He was older, with a dusty blue ball cap over sagging slacks and shirt. It wasn’t the dirtiest outfit in the world, just a little ragged about the edges.
The only clue he was homeless was the salvaged chair cushion he was stuffing into the Michigan Avenue Bridge.
The cushion was light tan and small, a new and beloved find for the man. He had shuffled along the lower level walking path of the bridge clutching it to his chest.
And now he was tucking it into the bridge girder running parallel to the handrail, hiding his find under the thin crisscrossed Xs of metal designed to keep people from doing exactly what he was doing.
It was the point where evening becomes night, purple skies turning black. The man secreted his package while standing in a cone of yellow light from the bridge’s upper level.
He poked and prodded it, made sure it wasn’t in danger of tumbling into the water below or being spotted by a walker, biker, tourist or other street person above.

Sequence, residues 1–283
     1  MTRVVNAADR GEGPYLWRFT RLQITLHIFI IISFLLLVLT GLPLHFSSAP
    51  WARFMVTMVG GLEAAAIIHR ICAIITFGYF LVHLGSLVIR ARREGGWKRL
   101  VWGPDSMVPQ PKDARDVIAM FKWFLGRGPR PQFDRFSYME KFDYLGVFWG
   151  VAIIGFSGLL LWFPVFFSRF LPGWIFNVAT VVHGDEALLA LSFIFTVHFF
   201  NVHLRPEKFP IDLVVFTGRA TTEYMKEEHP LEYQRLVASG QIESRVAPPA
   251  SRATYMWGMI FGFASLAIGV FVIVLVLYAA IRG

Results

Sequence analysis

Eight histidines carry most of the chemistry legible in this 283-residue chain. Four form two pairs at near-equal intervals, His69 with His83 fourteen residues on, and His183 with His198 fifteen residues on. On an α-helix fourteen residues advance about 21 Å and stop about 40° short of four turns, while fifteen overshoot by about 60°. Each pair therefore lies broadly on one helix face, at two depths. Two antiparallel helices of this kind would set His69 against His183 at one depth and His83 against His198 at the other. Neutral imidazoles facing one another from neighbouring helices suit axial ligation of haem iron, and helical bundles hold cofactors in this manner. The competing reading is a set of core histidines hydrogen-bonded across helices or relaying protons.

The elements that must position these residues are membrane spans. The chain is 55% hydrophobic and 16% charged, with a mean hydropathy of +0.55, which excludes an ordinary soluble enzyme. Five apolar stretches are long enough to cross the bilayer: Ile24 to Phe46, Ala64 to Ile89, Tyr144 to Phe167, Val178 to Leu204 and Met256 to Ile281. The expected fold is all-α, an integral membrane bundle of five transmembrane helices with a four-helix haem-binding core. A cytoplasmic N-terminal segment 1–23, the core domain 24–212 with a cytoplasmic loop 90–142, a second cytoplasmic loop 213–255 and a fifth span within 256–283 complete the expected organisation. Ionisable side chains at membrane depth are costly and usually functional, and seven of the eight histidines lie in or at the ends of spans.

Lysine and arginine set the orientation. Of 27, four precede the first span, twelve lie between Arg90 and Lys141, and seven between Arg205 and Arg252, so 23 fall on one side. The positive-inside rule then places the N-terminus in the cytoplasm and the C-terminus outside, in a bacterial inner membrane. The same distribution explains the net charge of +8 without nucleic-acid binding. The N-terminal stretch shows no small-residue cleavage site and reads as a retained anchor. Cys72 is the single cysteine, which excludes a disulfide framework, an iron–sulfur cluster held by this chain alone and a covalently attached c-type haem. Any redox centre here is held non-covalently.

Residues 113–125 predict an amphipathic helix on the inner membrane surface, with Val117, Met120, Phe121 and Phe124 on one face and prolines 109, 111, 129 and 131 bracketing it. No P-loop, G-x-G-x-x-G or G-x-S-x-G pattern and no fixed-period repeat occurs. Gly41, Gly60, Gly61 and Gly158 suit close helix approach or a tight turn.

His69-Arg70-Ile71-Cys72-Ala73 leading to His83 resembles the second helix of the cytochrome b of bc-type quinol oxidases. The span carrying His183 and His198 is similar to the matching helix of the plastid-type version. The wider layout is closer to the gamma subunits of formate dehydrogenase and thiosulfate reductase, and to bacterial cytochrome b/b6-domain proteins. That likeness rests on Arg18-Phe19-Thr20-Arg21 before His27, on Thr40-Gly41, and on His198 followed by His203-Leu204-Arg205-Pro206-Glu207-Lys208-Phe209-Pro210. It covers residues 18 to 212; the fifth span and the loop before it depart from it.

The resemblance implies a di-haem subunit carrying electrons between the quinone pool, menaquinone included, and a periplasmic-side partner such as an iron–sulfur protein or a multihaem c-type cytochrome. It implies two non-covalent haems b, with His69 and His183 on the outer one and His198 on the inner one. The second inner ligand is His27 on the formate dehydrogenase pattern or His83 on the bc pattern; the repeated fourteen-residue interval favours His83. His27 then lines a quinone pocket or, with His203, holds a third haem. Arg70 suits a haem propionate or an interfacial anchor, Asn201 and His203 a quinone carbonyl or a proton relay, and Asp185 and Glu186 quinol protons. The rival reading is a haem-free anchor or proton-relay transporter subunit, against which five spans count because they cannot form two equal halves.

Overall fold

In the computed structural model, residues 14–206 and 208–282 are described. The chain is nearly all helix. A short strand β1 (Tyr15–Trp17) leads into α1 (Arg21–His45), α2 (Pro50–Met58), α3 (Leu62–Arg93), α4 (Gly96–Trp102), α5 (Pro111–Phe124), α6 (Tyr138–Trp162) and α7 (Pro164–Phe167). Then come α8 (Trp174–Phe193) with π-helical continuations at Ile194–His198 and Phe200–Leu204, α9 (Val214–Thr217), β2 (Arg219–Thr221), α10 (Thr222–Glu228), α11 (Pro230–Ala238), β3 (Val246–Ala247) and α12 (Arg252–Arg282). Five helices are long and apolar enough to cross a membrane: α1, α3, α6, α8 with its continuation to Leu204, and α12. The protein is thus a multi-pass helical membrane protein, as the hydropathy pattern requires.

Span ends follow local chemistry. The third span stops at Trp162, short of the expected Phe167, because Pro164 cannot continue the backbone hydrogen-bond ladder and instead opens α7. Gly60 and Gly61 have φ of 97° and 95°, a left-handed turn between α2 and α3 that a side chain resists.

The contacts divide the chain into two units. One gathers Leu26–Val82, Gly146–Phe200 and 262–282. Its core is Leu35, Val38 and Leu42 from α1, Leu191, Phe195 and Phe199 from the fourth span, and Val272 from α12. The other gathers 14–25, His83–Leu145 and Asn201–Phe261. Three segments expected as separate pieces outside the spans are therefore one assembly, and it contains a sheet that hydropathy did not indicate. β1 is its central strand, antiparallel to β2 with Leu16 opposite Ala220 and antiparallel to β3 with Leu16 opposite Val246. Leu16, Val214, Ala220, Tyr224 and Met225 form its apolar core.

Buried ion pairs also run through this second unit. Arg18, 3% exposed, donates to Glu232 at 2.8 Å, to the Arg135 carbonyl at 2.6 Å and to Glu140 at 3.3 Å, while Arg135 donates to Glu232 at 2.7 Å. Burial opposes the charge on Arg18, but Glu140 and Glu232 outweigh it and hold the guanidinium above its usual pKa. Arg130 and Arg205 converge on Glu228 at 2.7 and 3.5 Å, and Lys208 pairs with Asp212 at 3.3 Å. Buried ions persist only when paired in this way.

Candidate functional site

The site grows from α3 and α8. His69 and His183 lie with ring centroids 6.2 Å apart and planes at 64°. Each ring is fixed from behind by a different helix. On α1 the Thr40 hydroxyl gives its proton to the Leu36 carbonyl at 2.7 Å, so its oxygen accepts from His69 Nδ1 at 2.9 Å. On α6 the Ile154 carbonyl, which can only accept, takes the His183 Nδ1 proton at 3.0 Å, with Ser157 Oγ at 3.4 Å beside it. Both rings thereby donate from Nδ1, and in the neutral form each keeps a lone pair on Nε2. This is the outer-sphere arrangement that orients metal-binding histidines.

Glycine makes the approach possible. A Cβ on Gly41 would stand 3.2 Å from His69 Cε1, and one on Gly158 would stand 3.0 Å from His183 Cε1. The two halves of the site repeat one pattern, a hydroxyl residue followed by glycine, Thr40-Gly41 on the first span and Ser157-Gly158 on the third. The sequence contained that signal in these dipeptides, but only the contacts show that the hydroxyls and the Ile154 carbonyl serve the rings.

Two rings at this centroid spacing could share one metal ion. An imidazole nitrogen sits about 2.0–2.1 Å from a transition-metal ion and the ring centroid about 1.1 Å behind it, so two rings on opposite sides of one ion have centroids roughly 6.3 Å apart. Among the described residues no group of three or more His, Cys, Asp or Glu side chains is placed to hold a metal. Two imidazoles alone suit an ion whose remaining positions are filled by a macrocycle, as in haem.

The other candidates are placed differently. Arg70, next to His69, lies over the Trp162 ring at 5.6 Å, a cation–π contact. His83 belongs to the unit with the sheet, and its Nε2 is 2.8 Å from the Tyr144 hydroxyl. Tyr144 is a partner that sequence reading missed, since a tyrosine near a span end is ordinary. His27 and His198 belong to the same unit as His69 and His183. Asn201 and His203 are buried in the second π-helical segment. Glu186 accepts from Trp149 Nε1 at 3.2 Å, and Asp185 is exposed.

When he was satisfied, he gave the air a sniff and an almost invisible nod, then kept shuffling south on the bridge walkway.
I crept out of my hiding place.
I had pulled my bike over by the metal stairwell that takes people up down up down to Michigan, Lower Michigan or the river path, depending on how far they want to go. Once I was sure the man was gone, I snuck out of my hole and skittered over to the girder to peer in.
The cushion sat on top of a pile of goods. Two milk crates. Something wrapped in black garbage bag plastic. I took a photo with my cell phone.
“Now the underside of the bridge is icky, so don’t reach up and touch it,” an amplified voice came from behind and beneath.
It was one of the Chicago Architecture Foundation cruises on Mercury, one of their endless stream of boats called Chicago’s Something Lady.
“This type of bridge is called trunnion bascule,” the voice said.
The tour guide talked about what bascule means, about balanced seesaws and uneven arms. He talked about bridge houses and mechanisms, falling weights and rising roadways. His lecture grew dim as the boat slipped beneath and away.
I was alone with the homeless man’s possessions.
You want stats on homelessness in Chicago? Google them. You want stories of their lives and how they got to where they are today? I don’t have that tonight.
You want to know anything about this man who shuffled off into a purple-black night under the bright, chafing yellow of Lower Michigan Avenue?
I don’t have that either.
The story just ends here, another invisible human in the Chicago night.
A man hiding all he owns in trunnion bascule.